Extending the EITC to Noncustodial Parents: Potential Impacts and Design Considerations. B. Definition of "Full Payment"


Our estimates assume that a noncustodial parent would meet the “child support eligibility” requirements for an NCP EITC if he or she pays at least as much child support during the year as accrues during the year. This is the definition of full payment used by New York and Washington, D.C. Under this definition, the noncustodial parent can have arrears that accrued in prior years, as long as an amount equal to the current year’s support has been paid. Payments can include current support and/or arrears—as long as the total equals or exceeds the amount of current support due during the year.

Alternative definitions of full payment—such as requiring that each month’s child support be paid in full and on time—would increase administrative complexity and reduce the number of noncustodial parents eligible for the NCP EITC. Many noncustodial parents who pay child support have arrears, so denying the NCP EITC to noncustodial parents with arrears would also reduce eligibility.[22]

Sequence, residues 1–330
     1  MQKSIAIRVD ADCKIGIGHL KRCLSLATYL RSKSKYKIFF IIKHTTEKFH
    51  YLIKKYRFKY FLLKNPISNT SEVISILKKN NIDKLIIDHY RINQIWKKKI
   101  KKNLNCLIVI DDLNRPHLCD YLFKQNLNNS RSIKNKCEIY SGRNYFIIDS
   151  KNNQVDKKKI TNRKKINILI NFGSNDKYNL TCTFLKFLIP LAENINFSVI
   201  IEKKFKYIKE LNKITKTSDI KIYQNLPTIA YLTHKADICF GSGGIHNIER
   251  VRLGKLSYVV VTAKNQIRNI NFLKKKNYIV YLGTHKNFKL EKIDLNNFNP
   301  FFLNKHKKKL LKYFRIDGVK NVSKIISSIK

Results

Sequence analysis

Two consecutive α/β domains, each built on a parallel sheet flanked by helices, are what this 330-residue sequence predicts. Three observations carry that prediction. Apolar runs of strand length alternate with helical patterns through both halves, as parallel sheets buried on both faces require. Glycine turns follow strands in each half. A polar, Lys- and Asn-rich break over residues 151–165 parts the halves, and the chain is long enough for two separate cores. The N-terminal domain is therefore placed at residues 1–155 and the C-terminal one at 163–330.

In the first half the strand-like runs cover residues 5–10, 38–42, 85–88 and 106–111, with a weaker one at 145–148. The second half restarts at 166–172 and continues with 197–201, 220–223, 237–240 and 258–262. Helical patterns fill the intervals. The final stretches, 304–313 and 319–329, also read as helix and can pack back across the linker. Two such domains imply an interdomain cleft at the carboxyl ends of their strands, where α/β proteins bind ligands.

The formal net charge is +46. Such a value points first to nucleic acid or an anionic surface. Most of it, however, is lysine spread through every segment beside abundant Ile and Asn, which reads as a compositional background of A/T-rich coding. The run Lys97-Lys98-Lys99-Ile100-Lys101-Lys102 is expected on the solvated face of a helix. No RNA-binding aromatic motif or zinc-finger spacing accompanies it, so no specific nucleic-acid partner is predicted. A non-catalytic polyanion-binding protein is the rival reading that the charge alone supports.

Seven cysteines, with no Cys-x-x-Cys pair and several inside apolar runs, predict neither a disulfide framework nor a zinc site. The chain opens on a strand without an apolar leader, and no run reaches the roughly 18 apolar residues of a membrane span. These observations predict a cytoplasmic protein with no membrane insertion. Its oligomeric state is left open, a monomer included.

On the other hand, an NCP EITC does not have to be limited to those who pay their full child support. Many low-income noncustodial parents face employment barriers and job instability that can make full payment difficult to achieve. Noncustodial parents with multiple children (and thus higher child support orders) may find it more difficult to make full payment than noncustodial parents with one child and similar earnings. Allowing noncustodial parents who pay partial support to receive at least some benefit from an NCP EITC would extend the benefits and incentives of an NCP EITC to a broader population (Mincy 2008; Primus 2006).

Administrative timing issues should also be considered when developing an NCP EITC. In New York, noncustodial parents whose employers did not report 2006 child support payment information until 2007 were initially denied the credit.[23] Those who appealed the decision were later able to claim the credit (Sorensen forthcoming). Policymakers could consider possible measures to reduce these problems, such as requiring full payment for a period other than the tax year or excluding amounts due from the final paycheck when determining whether full payment has been made.

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